Unstable Mountain Threatens Pemberton Valley

Landslides on Mount Meager have dumped clay and rock several metres deep into the Pemberton Valley at least three times during the last 7300 years.

Researchers warn the mountain could release another massive debris flow over inhabited areas anytime without warning.

The steep, glacier-topped mountain group, located north of Whistler, British Columbia, is built of unstable volcanic rubble and will erupt again.

Recent drilling into the Pemberton Valley bottom encountered remains of a debris flow that had travelled 50 km from Mount Meager shortly before the volcano erupted around 2415 years ago. About 1,000,000,000 m³ of rock and sand slurry spanned the width of the valley.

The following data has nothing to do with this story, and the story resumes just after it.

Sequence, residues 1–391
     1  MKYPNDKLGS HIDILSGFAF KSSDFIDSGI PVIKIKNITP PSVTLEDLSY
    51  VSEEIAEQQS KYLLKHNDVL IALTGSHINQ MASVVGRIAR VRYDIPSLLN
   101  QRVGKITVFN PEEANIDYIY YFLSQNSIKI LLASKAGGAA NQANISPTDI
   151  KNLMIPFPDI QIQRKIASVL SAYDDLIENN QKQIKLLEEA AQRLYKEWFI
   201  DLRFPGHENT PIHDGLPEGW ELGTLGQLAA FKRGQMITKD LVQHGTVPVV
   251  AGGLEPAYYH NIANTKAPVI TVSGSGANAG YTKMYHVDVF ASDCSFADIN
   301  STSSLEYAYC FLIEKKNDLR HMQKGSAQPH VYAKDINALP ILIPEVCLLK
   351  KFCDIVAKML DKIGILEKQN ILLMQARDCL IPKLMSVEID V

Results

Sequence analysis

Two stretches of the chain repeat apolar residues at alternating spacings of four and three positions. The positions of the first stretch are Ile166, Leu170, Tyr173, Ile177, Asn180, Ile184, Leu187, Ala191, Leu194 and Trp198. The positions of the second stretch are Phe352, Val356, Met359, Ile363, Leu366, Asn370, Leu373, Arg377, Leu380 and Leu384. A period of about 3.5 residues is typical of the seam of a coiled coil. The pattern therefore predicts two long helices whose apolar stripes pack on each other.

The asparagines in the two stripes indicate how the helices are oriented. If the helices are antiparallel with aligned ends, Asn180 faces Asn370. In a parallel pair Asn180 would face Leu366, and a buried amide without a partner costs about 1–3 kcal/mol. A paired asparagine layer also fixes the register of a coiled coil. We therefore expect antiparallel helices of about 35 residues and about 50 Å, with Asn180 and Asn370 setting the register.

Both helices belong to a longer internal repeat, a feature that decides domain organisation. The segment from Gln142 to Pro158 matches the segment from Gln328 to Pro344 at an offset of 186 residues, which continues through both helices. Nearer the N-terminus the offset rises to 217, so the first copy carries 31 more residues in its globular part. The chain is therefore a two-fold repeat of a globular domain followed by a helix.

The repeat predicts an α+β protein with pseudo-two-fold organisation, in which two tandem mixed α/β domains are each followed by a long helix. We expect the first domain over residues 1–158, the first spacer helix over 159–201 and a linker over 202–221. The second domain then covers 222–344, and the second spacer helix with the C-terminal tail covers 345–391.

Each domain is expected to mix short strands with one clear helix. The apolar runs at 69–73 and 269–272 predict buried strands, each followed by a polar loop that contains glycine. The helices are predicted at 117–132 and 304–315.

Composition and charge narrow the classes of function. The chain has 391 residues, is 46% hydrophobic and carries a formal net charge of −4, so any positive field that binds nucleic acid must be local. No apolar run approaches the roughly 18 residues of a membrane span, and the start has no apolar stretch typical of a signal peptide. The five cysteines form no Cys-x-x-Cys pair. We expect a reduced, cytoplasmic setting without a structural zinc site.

Two earlier debris flows, around 4450 and 7300 years ago, sent rubble at least 32 km from the mountain, the oldest incident depositing an eight-meter-thick layer of material. There is no sign of volcanic eruptions associated with these events. The area's high rainfall alone is enough to trigger failures of this magnitude.

Lately, the mountain has shed smaller landslides about every ten years, including one in 1975 that killed four geologists near Meager Creek. Logging, mining, tourism and backcountry recreation on surrounding slopes and valleys are vulnerable to the mountain's exceptional geomorphic activity. The probability of Mount Meager covering settled parts of the Pemberton Valley in a debris flow is estimated at about one in 2400 years.


K.A. Simpson, M. Stasiuk, K. Shimamura, J.J. Clague and P. Friele. 2006. Evidence for catastrophic volcanic debris flows in Pemberton Valley, British Columbia. Canadian Journal of Earth Sciences. 43(6): 679-689.

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